• Google’s diabolical plan to plant people in Microsoft is paying off. Microsoft has managed to make Office 2007 and Outlook 2007 both slow and destructive to data at the same time as Google has launched their applications with a service level agreement (that they breached already.) Lots of notes here on Zoli’s blog.
  • Anne Zelenka posted “Ten Things I Hate About You, Web 2.0“. Funny list. Anne, how about Office 2.0? I’ll start with my top four most annoying things about Office 2.0:
  • NOT ONE COMPANY has managed to make a text editor that doesn’t completely suck.
  • Do we really need 50 spreadsheet apps? Are we really that lacking in creativity?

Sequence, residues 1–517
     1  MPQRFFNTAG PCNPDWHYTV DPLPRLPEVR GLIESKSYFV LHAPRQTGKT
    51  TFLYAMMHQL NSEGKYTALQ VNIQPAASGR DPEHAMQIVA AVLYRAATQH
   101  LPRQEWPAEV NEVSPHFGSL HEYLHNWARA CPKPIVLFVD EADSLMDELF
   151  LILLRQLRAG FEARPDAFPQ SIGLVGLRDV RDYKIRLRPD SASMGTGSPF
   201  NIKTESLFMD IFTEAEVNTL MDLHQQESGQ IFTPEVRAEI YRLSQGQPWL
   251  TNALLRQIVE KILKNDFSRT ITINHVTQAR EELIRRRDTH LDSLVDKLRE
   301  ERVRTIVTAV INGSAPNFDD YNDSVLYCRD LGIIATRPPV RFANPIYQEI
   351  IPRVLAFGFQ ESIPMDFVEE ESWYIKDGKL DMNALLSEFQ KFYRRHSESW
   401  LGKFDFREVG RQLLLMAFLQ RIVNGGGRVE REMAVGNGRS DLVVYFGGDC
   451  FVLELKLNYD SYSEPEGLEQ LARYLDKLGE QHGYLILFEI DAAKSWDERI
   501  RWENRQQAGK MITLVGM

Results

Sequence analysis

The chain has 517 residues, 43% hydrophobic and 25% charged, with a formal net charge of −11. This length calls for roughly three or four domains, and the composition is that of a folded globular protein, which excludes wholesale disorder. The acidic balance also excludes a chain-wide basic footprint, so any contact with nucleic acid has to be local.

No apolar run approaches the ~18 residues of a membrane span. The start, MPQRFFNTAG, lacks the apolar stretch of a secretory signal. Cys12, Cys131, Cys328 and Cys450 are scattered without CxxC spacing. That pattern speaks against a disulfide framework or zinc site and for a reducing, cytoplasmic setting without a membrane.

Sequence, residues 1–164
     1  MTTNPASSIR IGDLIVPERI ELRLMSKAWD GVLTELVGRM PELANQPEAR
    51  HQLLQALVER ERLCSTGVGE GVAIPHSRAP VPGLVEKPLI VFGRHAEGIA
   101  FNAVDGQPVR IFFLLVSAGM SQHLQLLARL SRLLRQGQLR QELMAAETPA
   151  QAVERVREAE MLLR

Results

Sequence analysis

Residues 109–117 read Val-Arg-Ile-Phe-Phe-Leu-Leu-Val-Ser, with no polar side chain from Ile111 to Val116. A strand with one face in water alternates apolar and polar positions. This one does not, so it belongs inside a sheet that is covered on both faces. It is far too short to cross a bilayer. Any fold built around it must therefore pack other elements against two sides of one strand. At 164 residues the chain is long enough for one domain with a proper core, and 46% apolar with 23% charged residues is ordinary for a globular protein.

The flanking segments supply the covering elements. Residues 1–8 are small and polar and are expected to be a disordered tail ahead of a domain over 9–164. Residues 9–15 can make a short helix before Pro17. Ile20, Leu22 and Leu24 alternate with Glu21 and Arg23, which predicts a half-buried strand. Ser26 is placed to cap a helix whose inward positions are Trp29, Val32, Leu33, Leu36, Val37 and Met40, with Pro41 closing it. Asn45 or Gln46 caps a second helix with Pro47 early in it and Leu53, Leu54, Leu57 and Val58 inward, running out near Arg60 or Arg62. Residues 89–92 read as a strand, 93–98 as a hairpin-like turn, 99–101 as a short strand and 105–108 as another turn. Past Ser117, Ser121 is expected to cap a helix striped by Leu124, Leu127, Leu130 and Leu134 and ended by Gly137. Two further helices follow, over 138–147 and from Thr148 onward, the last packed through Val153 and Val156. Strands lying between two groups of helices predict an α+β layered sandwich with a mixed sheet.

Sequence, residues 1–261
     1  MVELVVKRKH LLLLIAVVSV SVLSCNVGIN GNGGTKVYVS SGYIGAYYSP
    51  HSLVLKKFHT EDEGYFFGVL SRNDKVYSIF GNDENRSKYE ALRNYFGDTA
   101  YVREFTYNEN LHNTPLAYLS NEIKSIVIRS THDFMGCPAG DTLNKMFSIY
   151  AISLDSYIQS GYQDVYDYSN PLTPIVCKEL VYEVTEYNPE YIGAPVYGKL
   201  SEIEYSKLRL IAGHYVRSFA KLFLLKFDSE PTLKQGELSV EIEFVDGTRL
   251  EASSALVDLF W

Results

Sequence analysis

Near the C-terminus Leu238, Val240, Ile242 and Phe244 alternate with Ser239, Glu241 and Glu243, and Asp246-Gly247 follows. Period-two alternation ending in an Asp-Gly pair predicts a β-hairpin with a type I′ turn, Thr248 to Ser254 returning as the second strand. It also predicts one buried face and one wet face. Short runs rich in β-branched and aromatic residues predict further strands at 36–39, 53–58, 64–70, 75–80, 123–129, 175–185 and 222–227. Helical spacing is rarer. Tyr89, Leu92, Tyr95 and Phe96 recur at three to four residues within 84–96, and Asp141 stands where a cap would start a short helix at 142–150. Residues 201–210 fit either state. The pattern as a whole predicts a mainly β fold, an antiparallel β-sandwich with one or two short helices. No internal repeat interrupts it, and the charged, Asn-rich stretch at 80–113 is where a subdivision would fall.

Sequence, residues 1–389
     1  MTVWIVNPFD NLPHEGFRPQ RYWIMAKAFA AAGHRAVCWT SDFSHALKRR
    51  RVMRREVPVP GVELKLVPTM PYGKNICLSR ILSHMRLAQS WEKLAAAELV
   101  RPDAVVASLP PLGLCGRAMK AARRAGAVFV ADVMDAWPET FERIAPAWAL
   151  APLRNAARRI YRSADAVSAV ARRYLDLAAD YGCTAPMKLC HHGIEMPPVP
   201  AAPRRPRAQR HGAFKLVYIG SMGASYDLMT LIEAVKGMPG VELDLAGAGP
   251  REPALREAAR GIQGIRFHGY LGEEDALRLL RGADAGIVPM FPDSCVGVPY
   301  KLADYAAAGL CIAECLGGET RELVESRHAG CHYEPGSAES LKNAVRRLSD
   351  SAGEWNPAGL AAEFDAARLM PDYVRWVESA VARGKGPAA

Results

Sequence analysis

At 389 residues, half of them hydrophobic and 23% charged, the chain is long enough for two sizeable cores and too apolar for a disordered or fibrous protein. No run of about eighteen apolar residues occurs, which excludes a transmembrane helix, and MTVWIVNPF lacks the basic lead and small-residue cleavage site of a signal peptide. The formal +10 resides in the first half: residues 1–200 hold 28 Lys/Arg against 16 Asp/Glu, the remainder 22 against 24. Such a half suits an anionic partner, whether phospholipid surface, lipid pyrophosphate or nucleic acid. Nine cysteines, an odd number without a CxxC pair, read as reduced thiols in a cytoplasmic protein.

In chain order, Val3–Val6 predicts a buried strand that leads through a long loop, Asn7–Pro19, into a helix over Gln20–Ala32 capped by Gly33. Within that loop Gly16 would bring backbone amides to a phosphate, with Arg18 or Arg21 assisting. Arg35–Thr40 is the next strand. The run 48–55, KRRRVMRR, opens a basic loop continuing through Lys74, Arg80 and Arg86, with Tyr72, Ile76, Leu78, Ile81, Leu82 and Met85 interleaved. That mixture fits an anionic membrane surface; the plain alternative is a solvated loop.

• Web 2.0 was about wasting time. Office 2.0 is really about being productive with your time. We need more web 2.0 in office 2.0 or the conferences are going to be REALLY dull.
  • Just because you have an Office 2.0 company doesn’t mean you have to forget about: customers, pain points, revenues, or long-term viability.
  • Phil Wainewright has a good post on the Saugatuck report showing that SaaS has hit the knee of the curve or as he writes: “SaaS hits the hockey stick.” I’m sure he meant the curvy part near the bottom of the stick near the big flat part that hits the little round thing-a-ma-jig. Go, Beavers, Go. As you can see, I’m not a hockey fan so I prefer the knee of the curve story a bit more. He writes: “Most surprising of all was a huge jump from 18% last year to 49% this
    year of companies planning to use SaaS for mission-critical
    applications.” I think it’s instructive to look at internet banking. People didn’t want t o use it either because they were afraid of the web – until seemingly overnight when everybody’s Grandma joined web-banking.